Creep2DJ Creep2DJ - 9 months ago 40
C++ Question

Issues with strings

I have a snippet of code that takes the output of another function (that function gets user input) and replaces all spaces with dashes. Or, rather, that's what it's supposed to do. Instead, it takes the first word of the string and ignores the rest (e.g. 'Hello World' -> 'Hello'). Here is the snippet:

void info::name(string* name, string title){
char arr[title.size() + 1];
strcpy(arr, title.c_str());
int o = 0;
while(arr[o] != 0){
if(arr[o] == ' '){
arr[o] = '-';
*name = arr;

Is there any reason why this wouldn't work?

EDIT: What do you mean by combining C-style arrays and

EDIT2: I tried using std::replace, but the same thing happens.


Here is a demonstrative program that shows how the effect you want can be achieved.

#include <iostream>
#include <string>
#include <algorithm>
#include <iterator>

struct A
    static std::string name( const std::string &title )
        std::string result;
        result.reserve( title.size() );

        std::replace_copy_if( title.begin(), title.end(),
                              std::back_inserter( result ),
                              []( char c ) { return c == ' '; }, '-' );

        return result;                            

int main() 
    std::string title;
    std::string name;

    std::cout << "Enter a title: ";

    if ( std::getline( std::cin, title ) ) name = A::name( title );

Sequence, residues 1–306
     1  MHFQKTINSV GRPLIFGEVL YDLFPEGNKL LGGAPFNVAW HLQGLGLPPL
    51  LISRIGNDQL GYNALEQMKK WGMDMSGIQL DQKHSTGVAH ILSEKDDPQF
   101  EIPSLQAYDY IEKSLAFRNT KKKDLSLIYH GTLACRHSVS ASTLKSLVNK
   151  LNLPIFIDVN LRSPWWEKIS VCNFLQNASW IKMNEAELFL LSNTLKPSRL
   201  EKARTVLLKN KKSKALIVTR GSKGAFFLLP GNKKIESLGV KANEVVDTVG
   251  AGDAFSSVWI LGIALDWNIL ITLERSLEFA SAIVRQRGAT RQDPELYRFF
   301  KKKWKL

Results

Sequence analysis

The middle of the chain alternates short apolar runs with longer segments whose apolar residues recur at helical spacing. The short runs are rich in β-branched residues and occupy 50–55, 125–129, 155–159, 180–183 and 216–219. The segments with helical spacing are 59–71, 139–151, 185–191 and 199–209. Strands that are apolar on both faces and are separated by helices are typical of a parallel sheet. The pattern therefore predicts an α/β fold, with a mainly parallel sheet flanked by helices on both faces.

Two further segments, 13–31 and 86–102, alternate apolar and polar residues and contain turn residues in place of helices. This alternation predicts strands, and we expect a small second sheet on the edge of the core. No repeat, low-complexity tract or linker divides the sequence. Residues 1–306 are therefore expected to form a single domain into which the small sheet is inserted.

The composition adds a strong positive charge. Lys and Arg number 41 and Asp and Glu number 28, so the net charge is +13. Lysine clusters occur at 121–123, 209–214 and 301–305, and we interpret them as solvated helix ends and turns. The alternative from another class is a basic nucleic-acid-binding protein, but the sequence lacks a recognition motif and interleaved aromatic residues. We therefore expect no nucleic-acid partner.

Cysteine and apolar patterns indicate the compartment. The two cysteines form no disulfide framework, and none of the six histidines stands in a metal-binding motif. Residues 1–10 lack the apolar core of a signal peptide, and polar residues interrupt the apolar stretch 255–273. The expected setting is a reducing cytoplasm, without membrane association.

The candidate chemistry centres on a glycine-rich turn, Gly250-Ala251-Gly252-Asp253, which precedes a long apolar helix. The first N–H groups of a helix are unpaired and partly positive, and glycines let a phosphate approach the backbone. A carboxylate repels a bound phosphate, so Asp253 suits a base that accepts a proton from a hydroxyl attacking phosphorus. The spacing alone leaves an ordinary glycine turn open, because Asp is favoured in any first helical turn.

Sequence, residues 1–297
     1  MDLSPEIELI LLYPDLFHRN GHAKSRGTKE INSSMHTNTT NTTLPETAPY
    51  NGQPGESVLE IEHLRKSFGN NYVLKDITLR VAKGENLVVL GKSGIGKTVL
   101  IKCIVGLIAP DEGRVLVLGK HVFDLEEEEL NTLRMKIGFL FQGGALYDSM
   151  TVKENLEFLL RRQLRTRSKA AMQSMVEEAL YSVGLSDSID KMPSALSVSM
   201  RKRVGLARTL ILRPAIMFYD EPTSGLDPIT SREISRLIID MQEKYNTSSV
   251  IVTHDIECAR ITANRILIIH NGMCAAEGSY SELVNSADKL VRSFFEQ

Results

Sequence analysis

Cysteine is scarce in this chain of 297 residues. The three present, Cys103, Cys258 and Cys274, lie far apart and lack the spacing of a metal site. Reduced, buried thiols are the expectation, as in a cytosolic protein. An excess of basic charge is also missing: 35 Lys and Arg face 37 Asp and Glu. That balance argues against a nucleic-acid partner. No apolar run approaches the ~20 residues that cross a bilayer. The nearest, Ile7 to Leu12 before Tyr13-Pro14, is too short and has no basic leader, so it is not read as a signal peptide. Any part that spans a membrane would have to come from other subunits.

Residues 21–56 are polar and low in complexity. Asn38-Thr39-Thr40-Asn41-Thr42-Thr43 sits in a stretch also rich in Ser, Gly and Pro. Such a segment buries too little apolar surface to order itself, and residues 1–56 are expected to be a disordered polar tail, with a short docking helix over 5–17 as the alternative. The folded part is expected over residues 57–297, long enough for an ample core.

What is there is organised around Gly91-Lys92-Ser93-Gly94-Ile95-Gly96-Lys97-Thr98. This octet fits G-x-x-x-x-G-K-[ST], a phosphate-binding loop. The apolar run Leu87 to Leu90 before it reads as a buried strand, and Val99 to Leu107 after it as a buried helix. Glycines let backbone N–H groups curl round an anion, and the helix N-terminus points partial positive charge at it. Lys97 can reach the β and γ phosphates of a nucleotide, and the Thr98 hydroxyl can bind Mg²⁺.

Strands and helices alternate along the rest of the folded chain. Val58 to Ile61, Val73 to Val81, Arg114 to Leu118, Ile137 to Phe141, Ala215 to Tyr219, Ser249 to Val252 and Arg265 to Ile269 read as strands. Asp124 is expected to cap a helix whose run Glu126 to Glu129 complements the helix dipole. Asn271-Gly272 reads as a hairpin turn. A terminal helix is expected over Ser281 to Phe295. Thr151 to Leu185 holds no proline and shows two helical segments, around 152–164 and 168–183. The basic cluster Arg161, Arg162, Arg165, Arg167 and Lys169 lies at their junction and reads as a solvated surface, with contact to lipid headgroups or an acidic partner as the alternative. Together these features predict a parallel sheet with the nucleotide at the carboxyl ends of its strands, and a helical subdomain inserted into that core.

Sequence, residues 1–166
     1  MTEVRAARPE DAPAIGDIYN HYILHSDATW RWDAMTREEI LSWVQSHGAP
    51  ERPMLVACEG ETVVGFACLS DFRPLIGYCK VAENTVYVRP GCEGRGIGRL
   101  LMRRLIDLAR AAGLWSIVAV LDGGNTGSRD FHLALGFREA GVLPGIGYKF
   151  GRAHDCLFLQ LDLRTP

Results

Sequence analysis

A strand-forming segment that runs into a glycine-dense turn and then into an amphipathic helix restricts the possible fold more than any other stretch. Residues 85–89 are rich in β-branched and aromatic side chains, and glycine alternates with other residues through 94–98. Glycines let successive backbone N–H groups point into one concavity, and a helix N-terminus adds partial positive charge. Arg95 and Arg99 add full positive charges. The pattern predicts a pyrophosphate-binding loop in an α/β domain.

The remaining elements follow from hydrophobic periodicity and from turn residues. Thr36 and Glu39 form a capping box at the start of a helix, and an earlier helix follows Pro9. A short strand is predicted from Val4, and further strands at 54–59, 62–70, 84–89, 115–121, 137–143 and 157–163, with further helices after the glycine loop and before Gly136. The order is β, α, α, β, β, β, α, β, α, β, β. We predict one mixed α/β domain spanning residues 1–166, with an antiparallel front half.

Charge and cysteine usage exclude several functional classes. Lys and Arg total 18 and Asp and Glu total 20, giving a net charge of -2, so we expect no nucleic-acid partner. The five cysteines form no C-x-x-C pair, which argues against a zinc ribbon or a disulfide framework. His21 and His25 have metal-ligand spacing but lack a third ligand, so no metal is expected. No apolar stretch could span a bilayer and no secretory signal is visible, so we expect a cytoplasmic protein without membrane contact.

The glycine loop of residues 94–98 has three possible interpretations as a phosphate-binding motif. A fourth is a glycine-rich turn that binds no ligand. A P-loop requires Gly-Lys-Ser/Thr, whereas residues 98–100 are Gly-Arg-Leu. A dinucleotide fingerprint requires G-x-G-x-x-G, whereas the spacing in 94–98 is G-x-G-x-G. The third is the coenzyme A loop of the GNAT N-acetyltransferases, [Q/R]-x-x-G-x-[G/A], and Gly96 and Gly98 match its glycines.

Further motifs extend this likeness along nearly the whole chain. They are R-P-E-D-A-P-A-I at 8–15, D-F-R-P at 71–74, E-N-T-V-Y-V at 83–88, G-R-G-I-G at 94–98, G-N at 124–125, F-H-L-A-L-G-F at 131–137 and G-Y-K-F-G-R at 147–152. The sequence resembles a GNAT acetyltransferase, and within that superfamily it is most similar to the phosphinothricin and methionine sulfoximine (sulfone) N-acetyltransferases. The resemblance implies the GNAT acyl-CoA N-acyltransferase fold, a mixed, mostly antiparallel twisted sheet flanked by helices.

std::cout << name << std::endl;

    return 0;

If to enter string "Hello World"

then the output will look like

Enter a title: Hello World

I used the standard algorithm std::replace_copy_if only to show how to use lambda expressions. For example you could substitute also the tab character for the dash.

std::replace_copy_if( title.begin(), title.end(),
                      std::back_inserter( result ),
                      []( char c ) { return c == ' ' || c == '\t'; }, '-' );

Otherwise you can use standard algorithm std::replace_copy the following way

std::replace_copy( title.begin(), title.end(),
                   std::back_inserter( result ),
                   ' ', '-' );

As you see the task can be done without using an intermediate array. Moreover this declaration of an array

char arr[title.size() + 1];

is not C++ compliant declaration though some compilers can have their own extensions that allow such declarations..

Also there is a typo in your function. I think you mean

*name = arr;

instead of

*name = title;